No doubt you’ve heard it said that “we ought to run government like a business.”
Most of the time, that’s merely a cliché that doesn’t deserve to be taken seriously.
Then again, you get an exception to the rule. Take the case of state agencies paying what amounts to “severance pay” to public employees who resign their public jobs.
As the Texas Tribune reports, the practice in Texas is likely to vanish during the next legislative session … as it should.
Texas Attorney General Ken Paxton’s office has paid such severance to several former staffers. Paxton doesn’t call it “severance.” He calls it “emergency leave” pay.
What the bleep is the difference?
This is outrageous. It ought to stop. It’s a waste of valuable public money that the state keeps harping about that it doesn’t have.
I happen to know a bit about how private business handles these issues. It’s a whole lot less generous — in a case with which I am intimately familiar — than it is in the public sector.
In August 2012 I received some shattering news from a hired gun brought in to manage the “reorganization” of the newspaper where I was working at the time. We were told we could apply for any job we wanted. I chose to apply for the job I’d been doing at the Amarillo Globe-News for nearly 18 years; I thought I was doing a pretty good job.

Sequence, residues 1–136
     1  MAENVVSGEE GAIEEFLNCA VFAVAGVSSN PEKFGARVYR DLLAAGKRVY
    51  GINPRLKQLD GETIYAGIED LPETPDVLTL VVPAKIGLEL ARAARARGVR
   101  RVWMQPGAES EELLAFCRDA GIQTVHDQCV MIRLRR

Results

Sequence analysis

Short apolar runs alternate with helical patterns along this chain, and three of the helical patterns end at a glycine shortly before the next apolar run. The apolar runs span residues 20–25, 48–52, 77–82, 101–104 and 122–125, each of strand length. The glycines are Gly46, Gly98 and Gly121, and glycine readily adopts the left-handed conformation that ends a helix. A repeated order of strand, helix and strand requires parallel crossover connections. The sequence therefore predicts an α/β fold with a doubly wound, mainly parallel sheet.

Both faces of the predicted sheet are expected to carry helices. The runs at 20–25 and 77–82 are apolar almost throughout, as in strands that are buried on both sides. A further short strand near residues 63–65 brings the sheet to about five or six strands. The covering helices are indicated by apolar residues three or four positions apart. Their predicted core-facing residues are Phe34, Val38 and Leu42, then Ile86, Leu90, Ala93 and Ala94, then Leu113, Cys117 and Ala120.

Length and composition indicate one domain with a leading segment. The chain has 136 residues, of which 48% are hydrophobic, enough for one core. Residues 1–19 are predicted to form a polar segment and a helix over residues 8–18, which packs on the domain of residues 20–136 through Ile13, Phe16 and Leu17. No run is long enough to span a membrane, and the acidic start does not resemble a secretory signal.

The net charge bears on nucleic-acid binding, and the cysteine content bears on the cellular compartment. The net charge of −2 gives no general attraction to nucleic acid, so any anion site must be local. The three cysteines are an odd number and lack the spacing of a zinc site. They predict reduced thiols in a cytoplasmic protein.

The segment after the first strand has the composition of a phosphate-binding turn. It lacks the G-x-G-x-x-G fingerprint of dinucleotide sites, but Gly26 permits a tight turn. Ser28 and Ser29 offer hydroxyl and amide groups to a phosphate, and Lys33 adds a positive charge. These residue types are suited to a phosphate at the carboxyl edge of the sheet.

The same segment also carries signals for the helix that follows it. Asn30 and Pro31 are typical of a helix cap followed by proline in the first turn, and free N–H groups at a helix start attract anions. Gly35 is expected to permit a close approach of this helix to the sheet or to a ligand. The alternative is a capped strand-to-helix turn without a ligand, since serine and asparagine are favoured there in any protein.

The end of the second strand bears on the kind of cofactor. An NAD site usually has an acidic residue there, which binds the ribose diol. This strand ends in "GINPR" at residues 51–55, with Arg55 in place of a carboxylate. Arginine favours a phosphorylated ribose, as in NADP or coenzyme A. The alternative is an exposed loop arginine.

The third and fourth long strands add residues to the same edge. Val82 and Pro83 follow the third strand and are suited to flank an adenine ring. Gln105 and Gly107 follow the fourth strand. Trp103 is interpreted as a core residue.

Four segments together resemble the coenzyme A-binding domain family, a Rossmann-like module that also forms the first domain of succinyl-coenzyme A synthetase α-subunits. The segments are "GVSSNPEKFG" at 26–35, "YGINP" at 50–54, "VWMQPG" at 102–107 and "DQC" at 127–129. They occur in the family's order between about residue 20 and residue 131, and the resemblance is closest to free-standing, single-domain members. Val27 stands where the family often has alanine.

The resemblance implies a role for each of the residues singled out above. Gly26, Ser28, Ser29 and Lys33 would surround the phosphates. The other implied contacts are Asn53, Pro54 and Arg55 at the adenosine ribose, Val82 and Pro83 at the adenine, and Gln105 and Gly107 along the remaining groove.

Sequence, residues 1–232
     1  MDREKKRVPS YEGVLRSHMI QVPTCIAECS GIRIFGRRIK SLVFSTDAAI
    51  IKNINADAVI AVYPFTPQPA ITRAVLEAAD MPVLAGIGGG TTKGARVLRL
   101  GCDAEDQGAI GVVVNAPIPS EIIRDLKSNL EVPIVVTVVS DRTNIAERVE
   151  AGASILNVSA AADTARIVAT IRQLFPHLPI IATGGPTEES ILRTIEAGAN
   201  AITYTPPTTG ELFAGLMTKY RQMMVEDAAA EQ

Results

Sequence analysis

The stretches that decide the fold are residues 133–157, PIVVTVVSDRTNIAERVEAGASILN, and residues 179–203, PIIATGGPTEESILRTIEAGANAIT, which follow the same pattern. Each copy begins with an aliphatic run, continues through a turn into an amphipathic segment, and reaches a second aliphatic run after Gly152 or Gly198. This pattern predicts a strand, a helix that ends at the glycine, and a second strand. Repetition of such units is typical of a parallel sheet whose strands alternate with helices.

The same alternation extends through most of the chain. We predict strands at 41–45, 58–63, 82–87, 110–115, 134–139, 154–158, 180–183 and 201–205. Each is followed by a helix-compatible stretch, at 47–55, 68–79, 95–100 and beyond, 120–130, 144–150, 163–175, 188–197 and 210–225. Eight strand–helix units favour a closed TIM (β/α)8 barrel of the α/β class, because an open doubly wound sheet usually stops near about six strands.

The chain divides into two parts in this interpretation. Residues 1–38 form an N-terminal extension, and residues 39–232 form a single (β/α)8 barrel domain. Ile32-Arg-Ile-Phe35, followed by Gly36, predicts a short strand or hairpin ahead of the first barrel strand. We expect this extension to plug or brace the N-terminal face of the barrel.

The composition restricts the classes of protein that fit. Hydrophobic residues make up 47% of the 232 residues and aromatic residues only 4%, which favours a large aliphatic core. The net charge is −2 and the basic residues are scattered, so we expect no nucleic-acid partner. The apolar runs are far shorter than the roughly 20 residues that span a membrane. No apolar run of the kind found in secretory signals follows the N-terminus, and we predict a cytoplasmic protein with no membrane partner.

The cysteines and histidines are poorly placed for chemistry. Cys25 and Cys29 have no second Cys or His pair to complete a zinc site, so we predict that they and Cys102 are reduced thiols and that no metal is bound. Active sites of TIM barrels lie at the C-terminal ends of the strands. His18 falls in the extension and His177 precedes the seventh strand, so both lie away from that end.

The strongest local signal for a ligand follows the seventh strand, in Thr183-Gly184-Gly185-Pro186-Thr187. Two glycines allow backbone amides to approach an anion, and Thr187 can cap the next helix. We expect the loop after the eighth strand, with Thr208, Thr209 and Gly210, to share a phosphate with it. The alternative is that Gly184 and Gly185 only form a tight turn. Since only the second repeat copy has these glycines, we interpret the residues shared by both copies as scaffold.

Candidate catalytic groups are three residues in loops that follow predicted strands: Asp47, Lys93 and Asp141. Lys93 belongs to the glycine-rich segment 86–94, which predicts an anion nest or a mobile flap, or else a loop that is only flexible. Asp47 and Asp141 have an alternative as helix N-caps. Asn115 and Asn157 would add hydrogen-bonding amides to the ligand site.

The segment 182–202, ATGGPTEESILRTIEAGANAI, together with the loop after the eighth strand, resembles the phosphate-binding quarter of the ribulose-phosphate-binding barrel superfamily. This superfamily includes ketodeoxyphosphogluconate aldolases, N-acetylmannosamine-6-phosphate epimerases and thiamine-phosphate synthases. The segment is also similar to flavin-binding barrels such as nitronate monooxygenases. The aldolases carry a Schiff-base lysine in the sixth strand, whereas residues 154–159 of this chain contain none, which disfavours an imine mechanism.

Not long after being interviewed twice by the management team at the newspaper, the hired gun called me into his office and said: “There’s no easy way to say this, but we’ve decided to give your job to someone else.” The “someone else” also had applied for the same position, so my employer went with him. I was out.
I chose to resign on the spot rather than apply for another position and face the remote possibility of getting hired for that. I was qualified to do one thing at the newspaper, but I didn’t do it well enough to suit my employer.
During what amounted to an exit interview the next morning with my soon-to-be former boss, I asked about a severance. He all but laughed in my face.
I walked out.
That’s how it’s done in private business. You resign, you don’t get a severance, man. Ross Ramsey, writing for the Texas Tribune, says private businesses do offer such severance deals, but they come with a price. Ramsey writes:
“In the business world, departing employees are sometimes given a golden parachute in exchange for their silence — a ‘thanks for all you’ve done’ along with a ‘keep your trap shut about what happened here.’” I didn’t get that, so I’m free to blab.
But, when someone leaves a government job in Texas, they qualify for “severance” or “emergency leave.”
Give me a break.
End the practice … as soon as possible.